In agreement with other studies [35, 36], our analysis showed a higher frequency of ancestral than derived birthweight-lowering variants in all populations, and a higher GRB of ancestral birthweight-lowering alleles in Africans and East Asians compared to Europeans. Although the well-known association of birthweight with infant mortality implied the importance of optimal birthweight to survival and reproductive fitness, our findings of (i) similar proportions of ancestral and derived birthweight-lowering alleles, (ii) higher GRB among deleterious than benign birthweight-lowering alleles, and (iii) no significantly higher proportion of rare vs. reciprocal common alleles indicate that birthweight loci were not subject to negative selection. Rather, by interrogating dbPSHP, a database of recent positive selection across human populations (http://jjwanglab.org/dbpshp), we found that 14 birthweight loci (23.3%) overlap with previously published genetic loci targeted by recent positive selection (ZBTB7B, ATAD2B, CPA3, HHIP, CDKAL1, HIST1H2BE, HMGA1, SLC45A4, HHEX, NT5C2, ITPR2, CRLF3, PEPD, and SREBF2) (Additional file 9).
The present study found that non-Europeans, particularly Africans and Asians, have a higher burden of birthweight-lowering variants compared to Europeans. Moreover, the allele frequency landscape of birthweight-lowering variants in Africans and Asians has a greater deviation from the bell-shaped distribution expected under the common disease-common variant hypothesis. These findings parallel global data on the gradient of low birthweight, in which regions with predominantly African and Asian ancestry populations have the highest incidence of low birthweight and smaller fetuses that were not explained by traditional non-genetic factors. Future studies are warranted to understand the extent to which this genetic risk burden difference and its interaction with environmental factors contribute to fetal growth disparities among ancestrally diverse global populations, and to investigate the ways in which these population differences in genetic burden are governed by human demographic and adaptive history.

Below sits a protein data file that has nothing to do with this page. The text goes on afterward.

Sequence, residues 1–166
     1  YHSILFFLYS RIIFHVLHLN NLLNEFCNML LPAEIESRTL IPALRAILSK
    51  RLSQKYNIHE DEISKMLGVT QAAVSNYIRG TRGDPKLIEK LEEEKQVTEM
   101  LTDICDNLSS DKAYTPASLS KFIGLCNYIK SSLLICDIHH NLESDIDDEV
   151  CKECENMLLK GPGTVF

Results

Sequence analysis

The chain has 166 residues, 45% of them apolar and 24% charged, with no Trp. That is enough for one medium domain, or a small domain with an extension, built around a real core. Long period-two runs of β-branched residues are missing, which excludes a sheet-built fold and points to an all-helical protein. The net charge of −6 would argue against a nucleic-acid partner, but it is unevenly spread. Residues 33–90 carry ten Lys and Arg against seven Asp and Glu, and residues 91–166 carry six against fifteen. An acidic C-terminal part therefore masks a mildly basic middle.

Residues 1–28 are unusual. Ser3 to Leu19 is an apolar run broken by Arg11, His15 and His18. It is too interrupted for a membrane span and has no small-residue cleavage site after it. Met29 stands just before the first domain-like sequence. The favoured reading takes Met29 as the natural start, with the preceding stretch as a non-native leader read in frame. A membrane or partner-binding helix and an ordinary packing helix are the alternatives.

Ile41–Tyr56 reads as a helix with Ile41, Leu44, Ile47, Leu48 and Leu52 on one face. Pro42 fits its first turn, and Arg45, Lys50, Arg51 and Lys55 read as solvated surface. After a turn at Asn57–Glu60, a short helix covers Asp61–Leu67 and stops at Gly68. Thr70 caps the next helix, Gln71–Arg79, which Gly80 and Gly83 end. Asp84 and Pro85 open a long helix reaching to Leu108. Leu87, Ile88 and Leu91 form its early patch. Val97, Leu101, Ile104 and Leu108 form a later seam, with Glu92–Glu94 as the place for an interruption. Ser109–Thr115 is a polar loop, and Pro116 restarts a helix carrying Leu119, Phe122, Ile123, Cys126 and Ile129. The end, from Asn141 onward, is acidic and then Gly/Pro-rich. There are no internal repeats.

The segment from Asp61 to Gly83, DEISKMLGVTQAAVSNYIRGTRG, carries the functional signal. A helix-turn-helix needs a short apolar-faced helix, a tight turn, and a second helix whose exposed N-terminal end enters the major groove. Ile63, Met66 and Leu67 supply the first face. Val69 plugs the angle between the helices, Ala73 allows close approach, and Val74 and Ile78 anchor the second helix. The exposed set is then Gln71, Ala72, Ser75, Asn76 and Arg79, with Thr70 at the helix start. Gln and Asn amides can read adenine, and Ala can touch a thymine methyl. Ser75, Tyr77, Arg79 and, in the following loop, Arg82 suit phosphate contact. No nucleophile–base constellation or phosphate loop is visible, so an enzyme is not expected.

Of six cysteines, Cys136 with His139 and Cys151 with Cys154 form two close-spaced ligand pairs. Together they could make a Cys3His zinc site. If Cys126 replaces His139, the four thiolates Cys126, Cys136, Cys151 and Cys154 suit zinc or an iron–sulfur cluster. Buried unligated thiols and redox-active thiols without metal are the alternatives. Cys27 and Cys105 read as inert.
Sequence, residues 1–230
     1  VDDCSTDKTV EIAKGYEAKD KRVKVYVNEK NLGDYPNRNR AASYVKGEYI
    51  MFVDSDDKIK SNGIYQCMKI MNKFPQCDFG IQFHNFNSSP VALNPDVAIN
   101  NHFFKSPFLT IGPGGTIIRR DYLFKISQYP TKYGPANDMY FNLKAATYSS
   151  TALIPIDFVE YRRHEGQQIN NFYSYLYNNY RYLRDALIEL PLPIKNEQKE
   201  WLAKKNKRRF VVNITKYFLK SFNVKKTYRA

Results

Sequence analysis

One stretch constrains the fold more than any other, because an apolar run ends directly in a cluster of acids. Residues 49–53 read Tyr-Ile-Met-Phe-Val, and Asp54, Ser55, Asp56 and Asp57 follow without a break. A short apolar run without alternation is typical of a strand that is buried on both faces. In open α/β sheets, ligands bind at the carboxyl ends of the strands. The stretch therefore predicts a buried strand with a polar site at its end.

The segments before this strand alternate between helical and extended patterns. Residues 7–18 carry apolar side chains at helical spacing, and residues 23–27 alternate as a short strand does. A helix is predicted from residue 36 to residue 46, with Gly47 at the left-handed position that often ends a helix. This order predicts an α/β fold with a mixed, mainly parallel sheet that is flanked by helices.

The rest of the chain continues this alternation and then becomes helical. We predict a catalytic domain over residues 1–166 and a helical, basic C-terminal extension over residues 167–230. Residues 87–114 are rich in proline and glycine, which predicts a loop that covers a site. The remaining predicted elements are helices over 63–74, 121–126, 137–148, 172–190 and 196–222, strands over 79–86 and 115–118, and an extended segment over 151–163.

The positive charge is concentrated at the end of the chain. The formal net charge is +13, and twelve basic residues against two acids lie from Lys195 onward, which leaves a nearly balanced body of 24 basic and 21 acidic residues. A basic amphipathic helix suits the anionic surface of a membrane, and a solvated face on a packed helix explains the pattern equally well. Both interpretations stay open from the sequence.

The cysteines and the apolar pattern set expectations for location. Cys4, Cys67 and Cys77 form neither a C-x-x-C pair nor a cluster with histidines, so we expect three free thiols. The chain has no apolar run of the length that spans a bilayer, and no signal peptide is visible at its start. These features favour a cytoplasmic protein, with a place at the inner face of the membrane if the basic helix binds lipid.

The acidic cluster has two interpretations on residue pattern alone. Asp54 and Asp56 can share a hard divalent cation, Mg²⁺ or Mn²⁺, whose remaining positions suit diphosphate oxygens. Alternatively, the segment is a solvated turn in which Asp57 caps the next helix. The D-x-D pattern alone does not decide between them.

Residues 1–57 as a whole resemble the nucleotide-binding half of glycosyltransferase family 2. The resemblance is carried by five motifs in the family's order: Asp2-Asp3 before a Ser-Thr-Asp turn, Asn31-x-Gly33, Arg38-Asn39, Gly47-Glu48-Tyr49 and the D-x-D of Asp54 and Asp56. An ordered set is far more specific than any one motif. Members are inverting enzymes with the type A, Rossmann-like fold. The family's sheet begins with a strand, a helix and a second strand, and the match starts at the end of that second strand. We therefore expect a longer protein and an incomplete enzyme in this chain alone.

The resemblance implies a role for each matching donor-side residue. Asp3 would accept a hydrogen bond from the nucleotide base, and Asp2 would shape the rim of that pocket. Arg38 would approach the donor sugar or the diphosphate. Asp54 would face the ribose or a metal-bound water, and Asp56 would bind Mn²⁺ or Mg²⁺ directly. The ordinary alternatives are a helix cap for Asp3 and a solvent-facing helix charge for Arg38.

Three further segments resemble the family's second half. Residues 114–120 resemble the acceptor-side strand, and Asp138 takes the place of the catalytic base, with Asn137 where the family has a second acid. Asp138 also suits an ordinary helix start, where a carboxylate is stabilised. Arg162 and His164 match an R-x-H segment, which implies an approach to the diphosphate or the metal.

Combined Annotation Dependent Depletion
Genetic risk burden for low birthweight
Genome-wide association study
Eunice Kennedy Shriver National Institute of Child Health and Human Development
National Institutes of Health
World Health Organization
Li A, Robiou-du-Pont S, Anand SS, Morrison KM, McDonald SD, Atkinson SA, Teo KK, Meyre D. Parental and child genetic contributions to obesity traits in early life based on 83 loci validated in adults: the FAMILY study. Pediatr Obes. 2018;13(3):133–40.
Gaskins RB, LaGasse LL, Liu J, Shankaran S, Lester BM, Bada HS, Bauer CR, Das A, Higgins RD, Roberts M. Small for gestational age and higher birth weight predict childhood obesity in preterm infants. Am J Perinatol. 2010;27(9):721–30.
Wilcox AJ, Russell IT. Birthweight and perinatal mortality: II. On weight-specific mortality. Int J Epidemiol. 1983;12(3):319–25.
Godfrey KM, Barker DJ. Fetal nutrition and adult disease. Am J Clin Nutr. 2000;71(5 Suppl):1344S–52S.